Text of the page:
Q: What remains the biggest challenge moving forward?
JM: While there will be better interface between research and development partners, it is still a challenge. Making our research relevant to development partners is critical to ultimate impact and accelerating progress. We will face questions like, how do you translate a body of good research and evidence into a path forward? Further improving these partnerships will improve what we do and what we enable others to do.
Q: A4NH has brought a unique perspective to challenges in agriculture, nutrition, and health. How do you think the program has changed the conversation on these issues?
JM: I think we have clarified the contribution agriculture can make by getting agriculture to focus on diet quality, where it can be successful on its own, rather than nutrition outcomes, where additional support is needed. Agriculture needs to then commit to work with other sectors on those nutrition outcome problems like stunting.
We’ve found that the relationship between agriculture and public health isn’t very deep. There is an understanding around infectious diseases and the One Health perspective, but a common understanding is still needed in areas like environmental change, disease risks, and nutrition outcomes like obesity. These are the big health burdens that agriculture can contribute to reducing, so we need to facilitate that understanding. Over time, I think the public health sector will be paying more attention to food systems and we need to be prepared for that.
Q: Where does A4NH fit in to global efforts to improve nutrition and health?
JM: A4NH has quite an influential voice globally. We provide a unique understanding of the relationship between agriculture, nutrition, and health in low- and middle-income countries, which are changing the fastest and growing the most. With our knowledge and evidence, we inform the global conversation, and have good relationships and are trusted research partners.
Our next step will be to illustrate how programs can work in different countries. Country ownership is central to the SDGs, and so we are moving this way along with the global conversation. CGIAR’s good relationships in many countries gives us strong footing as we take on issues like antimicrobial resistance, pesticides, and more.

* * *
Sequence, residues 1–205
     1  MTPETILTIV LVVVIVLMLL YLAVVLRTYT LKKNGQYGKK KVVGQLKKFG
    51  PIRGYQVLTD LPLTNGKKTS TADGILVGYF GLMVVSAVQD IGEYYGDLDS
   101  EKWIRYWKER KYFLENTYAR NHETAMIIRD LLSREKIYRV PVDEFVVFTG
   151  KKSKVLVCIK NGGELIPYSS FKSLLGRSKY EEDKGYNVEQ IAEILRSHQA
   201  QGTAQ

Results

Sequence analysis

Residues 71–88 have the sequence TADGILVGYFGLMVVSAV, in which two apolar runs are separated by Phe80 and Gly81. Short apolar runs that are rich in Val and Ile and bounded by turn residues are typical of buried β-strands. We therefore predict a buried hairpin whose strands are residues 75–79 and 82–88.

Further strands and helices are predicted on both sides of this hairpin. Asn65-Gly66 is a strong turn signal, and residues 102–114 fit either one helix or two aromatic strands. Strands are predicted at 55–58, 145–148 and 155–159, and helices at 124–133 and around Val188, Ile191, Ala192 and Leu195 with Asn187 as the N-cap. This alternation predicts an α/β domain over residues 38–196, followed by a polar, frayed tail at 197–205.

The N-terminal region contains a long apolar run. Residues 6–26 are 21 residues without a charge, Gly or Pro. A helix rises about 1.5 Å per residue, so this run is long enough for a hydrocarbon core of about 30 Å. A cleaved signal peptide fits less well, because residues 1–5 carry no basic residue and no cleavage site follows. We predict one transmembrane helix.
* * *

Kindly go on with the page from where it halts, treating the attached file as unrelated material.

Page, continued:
Q: A4NH is organized not only with five research flagships, but also with three cross-cutting units. What is the role of these units?
JM: Our cross-cutting units support our flagships in areas where competence cuts across the flagships. For example, we know each flagship needs to look at gender, and it’s easier and better to have support in this area for all of them. This holds true for monitoring and evaluation and country coordination, as well. A smaller group can focus on research in this area, or other cross-cutting topics. With multiple flagships working in any given country, coordination allows for greater communication and improved efficiency. This also strengthens the links between the flagships, which better integrates work into the overall research program.
We’ve been successful with this, particularly with gender and theories of change. We aim to build upon this success in our next phase, particularly in country engagement .
Q: In 2022, when the second phase has ended, what accomplishments would you hope to see?
JM: I hope we can take the changes we’ve made in how we manage programs, with our partnerships and cross-cutting units, and be more effective and efficient with our support. We look to enable countries and help them build capacity for leveraging agriculture to improve nutrition and health. We will also be looking to enable our research to support impacts at scale, in areas like biofortification and aflatoxin control. Phase I was a solid start for A4NH, but there is still much work to be done.